We arrived in Bridgeville at about 11:30 and we were beat up.  We stopped for some food and to top off our fluids.  I know we delayed getting back on the bike because we just didn’t really want to fight the wind any time soon.  I knew that we could break up the remaining ride in the upcoming towns.  Somehow we made it to Denton, then to Ridgely, then to Centreville, then to Queenstown.  In there somewhere, Dan bonked hard.  Mike and I both said words I thought I would never utter.  Dan is a strong, fast rider, and saying “Dan is off the back” is not something one expects to say.  Our speed was mostly 13-14 mph.  The wind was so strong we couldn’t speak to one another unless we shouted.  We took frequent breaks.  When the last 8 miles arrived, Dan wasn’t sure he would finish.  Mike and I set a 13 mph pace and “drug” Dan home.  That was a very long 8 miles!  In the end, my average heart rate moved up to 107 (before the heart rate monitor quit for the day).

And then, it was done.  At the end, 255.44 miles showed on my Garmin.  We finished in 21:30 ish, or 10:30 for the second 200k.  It was then that we got word that Mike W was ill (he later said that it might have been the fresh peach he ate).  For a while it looked like we would have to go pick him up but it all got worked out and Mike and Jack finished the ride also.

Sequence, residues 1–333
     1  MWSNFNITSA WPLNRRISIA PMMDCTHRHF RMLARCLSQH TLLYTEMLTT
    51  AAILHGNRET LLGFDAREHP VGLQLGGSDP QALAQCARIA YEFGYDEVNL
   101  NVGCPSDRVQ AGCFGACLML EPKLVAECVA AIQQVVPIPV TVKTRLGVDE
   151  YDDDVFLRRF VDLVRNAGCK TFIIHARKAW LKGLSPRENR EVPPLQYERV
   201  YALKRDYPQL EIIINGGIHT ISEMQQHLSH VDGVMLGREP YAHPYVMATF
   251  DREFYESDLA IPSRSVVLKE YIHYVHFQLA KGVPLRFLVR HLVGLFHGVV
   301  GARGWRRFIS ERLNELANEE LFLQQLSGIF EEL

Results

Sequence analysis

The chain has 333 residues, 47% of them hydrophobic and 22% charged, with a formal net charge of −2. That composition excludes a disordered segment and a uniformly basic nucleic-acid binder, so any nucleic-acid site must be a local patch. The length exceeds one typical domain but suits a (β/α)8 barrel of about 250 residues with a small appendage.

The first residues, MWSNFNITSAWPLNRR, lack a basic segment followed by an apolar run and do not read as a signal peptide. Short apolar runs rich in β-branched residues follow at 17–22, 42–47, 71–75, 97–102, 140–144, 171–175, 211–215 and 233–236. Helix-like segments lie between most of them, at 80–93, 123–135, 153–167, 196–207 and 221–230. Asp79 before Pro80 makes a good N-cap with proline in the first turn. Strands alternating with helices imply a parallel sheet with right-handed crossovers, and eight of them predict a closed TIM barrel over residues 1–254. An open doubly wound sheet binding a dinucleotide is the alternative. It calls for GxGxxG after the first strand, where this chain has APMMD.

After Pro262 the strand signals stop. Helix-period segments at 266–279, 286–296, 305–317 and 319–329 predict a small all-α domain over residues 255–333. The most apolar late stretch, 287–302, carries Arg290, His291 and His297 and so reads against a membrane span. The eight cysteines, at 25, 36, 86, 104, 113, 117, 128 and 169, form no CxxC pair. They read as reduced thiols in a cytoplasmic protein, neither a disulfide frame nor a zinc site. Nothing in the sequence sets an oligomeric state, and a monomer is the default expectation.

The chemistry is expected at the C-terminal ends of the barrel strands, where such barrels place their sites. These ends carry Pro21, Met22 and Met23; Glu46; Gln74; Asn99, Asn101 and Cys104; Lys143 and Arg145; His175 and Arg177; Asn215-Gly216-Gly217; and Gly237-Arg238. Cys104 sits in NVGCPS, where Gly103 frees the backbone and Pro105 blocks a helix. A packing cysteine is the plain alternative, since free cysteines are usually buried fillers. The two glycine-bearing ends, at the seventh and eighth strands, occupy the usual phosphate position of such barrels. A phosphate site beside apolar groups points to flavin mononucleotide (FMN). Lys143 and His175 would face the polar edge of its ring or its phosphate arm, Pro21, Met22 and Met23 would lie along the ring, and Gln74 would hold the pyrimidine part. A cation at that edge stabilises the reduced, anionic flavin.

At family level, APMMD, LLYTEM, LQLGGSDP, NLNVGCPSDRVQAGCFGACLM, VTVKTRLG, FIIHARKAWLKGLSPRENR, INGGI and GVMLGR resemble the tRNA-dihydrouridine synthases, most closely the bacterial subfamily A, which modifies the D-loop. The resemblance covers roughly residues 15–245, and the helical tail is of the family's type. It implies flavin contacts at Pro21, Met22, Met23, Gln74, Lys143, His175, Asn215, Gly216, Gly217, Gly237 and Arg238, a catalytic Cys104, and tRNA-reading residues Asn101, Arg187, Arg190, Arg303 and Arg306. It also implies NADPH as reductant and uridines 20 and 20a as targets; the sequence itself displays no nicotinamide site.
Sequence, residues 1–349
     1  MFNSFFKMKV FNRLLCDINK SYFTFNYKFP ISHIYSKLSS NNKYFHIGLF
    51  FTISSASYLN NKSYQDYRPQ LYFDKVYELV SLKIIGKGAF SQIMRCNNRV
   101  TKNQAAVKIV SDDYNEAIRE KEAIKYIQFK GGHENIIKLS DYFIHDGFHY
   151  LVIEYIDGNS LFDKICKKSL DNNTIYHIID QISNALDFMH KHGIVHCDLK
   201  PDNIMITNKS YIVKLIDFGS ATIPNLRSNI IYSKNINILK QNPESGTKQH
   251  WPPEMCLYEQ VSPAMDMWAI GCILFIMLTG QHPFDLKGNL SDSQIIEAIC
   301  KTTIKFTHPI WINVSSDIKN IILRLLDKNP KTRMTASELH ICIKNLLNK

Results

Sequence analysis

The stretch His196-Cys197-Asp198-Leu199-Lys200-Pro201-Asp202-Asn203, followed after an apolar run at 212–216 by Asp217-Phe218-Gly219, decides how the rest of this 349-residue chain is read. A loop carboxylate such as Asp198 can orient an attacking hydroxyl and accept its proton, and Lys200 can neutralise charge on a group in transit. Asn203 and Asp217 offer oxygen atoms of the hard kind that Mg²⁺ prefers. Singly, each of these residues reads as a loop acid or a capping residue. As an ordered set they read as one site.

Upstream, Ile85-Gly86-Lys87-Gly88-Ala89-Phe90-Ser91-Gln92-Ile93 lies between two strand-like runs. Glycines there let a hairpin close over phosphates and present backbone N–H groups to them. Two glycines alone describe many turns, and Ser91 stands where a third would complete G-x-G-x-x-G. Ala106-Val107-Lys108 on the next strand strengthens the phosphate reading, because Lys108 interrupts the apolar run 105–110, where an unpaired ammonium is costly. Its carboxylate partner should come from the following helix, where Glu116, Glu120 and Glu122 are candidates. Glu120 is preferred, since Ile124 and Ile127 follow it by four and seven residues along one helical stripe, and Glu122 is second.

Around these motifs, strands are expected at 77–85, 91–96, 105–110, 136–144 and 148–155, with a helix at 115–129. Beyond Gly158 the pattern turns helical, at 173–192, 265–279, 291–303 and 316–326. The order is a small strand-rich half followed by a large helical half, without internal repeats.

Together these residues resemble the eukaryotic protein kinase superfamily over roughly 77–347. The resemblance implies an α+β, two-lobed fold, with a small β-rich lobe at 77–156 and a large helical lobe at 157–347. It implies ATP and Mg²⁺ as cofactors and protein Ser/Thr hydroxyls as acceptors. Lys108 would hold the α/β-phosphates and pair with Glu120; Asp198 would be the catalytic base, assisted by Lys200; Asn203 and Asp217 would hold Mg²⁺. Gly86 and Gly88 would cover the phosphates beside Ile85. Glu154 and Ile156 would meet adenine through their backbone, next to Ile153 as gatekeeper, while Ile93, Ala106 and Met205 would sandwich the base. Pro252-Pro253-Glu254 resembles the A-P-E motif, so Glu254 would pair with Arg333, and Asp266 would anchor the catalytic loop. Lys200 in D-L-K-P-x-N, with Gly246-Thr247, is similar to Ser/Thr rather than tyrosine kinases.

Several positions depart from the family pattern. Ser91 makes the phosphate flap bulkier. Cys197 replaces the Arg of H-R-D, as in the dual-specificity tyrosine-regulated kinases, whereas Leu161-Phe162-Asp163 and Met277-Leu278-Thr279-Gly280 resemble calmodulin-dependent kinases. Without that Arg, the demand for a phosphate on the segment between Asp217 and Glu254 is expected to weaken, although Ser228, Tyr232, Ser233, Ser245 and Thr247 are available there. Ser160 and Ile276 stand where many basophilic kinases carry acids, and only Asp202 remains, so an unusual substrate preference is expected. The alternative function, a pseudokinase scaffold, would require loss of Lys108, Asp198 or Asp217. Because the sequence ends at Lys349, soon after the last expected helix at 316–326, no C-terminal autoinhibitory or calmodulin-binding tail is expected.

I hurried home, showered, ate, and then stayed up until 9 pm.  I slept hard … like I needed it.

Brutal is the only way to describe that second half of the ride.  And yet, it was a confidence builder.  Based on this ride, it looks like Mike B and I will attempt 295 miles on day 1 of LOL.  I’m looking forward to it.

A few things learned on this ride:

  1. Almond M&M’s didn’t work for me as fuel.
  2. Hydration and Nutrition plan works
  3. I might need a bike fit before I go on LOL
  4. The Sella Anatomica saddle feels hard after 200 miles.
  5. My anti-cramping solutions work
  6. I’m going to need to get a system worked out for my LOL cue sheets
  7. My feet do swell and it hurts when they do.  My toes seem to grow longer in the shoe.  I need to figure something out for that one.
  8. I can ride 250 miles in one day, and probably more!

For what it’s worth, in the past 30 days I’ve ridden 1,111 miles, and that’s not my longest distance in a 30 day period … but close.